What Is the Difference Between an Associate and Bachelor’s Degree in Business?

Beside the length of time it takes to complete each degree, the decision between an associate degree and a bachelor’s degree differ in the education they provide for the student.

An associate degree will introduce concepts and foundational course work for management, marketing, accounting, and economics over a standard two years of study, although how long it takes for you to complete an associate degree program will depend on whether you’re a full-time or part-time student, whether you already have any transferrable credits, and your specific program requirements. According to Kaplan University’s curriculum for its associate degree in business administration, introductory economics may include work in the analysis of macroeconomic and microeconomic theory, including national income determination, monetary and fiscal policy, and global economics, and price determination, consumer behavior, and market structures. Introductory accounting, on the other hand, will cover records management and presentation, current and non current assets, liabilities, and equity. Introductory marketing will discuss the distribution, promotion, and pricing of products and services.

All in all, associate degrees provide students with firm, basic knowledge about their fields of study. Because of this, associate degrees are applicable to a few entry-level positions, including positions as insurance agents, purchasing agents, and sales agents, but they are mostly used to improve employment opportunities, career flexibility, or advancement.

In contrast to an associate degree, a bachelor’s degree in business administration requires four years of undergraduate education (though this may vary for the same reasons as mentioned above for an associate degree student), and usually allows the student to specialize in an area such as accounting, entrepreneurship, finance, human resources, international business, marketing, or public relations. A bachelor’s degree in business covers the core curriculum that may be found in an associate degree, as well as field-specific course work and field projects and internships for real-world application of concepts learned in the classroom.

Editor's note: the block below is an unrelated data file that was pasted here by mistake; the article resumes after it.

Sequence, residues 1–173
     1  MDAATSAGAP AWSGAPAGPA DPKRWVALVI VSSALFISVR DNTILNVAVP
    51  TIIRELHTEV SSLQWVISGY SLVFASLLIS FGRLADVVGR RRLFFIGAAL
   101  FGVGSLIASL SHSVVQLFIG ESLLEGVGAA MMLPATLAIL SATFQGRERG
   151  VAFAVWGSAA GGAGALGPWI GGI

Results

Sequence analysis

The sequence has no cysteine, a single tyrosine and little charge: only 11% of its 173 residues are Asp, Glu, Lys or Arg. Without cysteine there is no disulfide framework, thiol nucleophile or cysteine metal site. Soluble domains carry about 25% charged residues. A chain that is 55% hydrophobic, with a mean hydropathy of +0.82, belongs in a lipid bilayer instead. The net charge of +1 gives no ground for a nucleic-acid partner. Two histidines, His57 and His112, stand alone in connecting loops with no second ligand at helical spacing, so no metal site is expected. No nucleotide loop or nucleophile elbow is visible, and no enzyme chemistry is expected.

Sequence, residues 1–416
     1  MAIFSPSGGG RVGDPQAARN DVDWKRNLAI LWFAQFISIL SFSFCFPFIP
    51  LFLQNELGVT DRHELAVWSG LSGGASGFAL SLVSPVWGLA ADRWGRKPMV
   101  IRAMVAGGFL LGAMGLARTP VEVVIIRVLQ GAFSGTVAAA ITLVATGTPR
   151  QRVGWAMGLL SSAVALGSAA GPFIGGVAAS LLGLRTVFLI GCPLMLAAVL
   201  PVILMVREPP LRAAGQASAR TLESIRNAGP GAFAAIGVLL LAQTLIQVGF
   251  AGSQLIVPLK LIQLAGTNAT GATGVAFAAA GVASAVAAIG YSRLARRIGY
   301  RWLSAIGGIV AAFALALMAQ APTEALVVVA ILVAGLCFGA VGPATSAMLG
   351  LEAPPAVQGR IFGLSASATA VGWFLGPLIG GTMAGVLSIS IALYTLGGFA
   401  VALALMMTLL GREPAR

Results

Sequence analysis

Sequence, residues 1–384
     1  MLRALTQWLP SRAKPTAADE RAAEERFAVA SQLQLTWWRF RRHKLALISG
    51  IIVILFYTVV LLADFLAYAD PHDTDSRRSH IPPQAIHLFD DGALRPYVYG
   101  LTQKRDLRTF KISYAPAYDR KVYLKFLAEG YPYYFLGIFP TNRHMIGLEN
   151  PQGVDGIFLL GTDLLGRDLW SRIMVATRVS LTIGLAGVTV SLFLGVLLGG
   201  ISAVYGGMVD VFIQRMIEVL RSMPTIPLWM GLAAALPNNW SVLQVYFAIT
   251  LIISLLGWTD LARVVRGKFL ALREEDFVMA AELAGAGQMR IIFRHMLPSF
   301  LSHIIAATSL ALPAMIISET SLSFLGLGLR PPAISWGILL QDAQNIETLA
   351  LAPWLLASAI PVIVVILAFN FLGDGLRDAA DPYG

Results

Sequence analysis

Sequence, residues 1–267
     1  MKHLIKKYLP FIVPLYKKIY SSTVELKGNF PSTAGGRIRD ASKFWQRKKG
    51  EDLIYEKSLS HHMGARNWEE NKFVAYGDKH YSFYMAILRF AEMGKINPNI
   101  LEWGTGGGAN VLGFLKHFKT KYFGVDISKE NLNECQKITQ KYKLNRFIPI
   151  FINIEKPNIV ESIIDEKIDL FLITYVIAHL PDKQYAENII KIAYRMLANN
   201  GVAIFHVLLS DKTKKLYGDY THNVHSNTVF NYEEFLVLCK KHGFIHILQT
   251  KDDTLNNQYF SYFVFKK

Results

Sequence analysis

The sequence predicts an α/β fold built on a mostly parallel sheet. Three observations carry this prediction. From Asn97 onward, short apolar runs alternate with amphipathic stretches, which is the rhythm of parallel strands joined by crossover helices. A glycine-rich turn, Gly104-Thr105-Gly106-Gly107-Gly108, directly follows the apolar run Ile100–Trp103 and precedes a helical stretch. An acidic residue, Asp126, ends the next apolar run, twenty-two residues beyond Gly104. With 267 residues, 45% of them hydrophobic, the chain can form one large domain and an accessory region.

Depending on the specialization and the school, a bachelor’s degree curriculum will likely cover the creation of a business plan and may require the student to collaborate on projects to test the business theories and strategies on their own business models. According to Carnegie Mellon University’s curriculum for a bachelor’s degree in business administration, for example, marketing courses will immerse students in product management, pricing strategy, social psychology, and media course work. Finance majors will complete course work in discrete and continuous-time finance, cost benefit analysis, derivative securities, and financial economics.

In addition, a bachelor’s degree may also provide preparation for the GRE and the pursuit of a master’s degree in business administration. A variety of entry-level positions with prospects for advancement are available with a bachelor’s degree in business, including positions in accounting, financial analysis, marketing, market research, and sales.

Overall, when it comes to deciding between whether to complete an associate or bachelor’s degree, choose the program that’s appropriate for you: if you have a position currently and are looking for a way to advance within your company, an associate degree may be preferable, considering the reduced cost and length of the program. However, if you are looking for a business career in a specific field, or know that you will need an MBA for a desired position, you will most likely require a bachelor’s degree in business.

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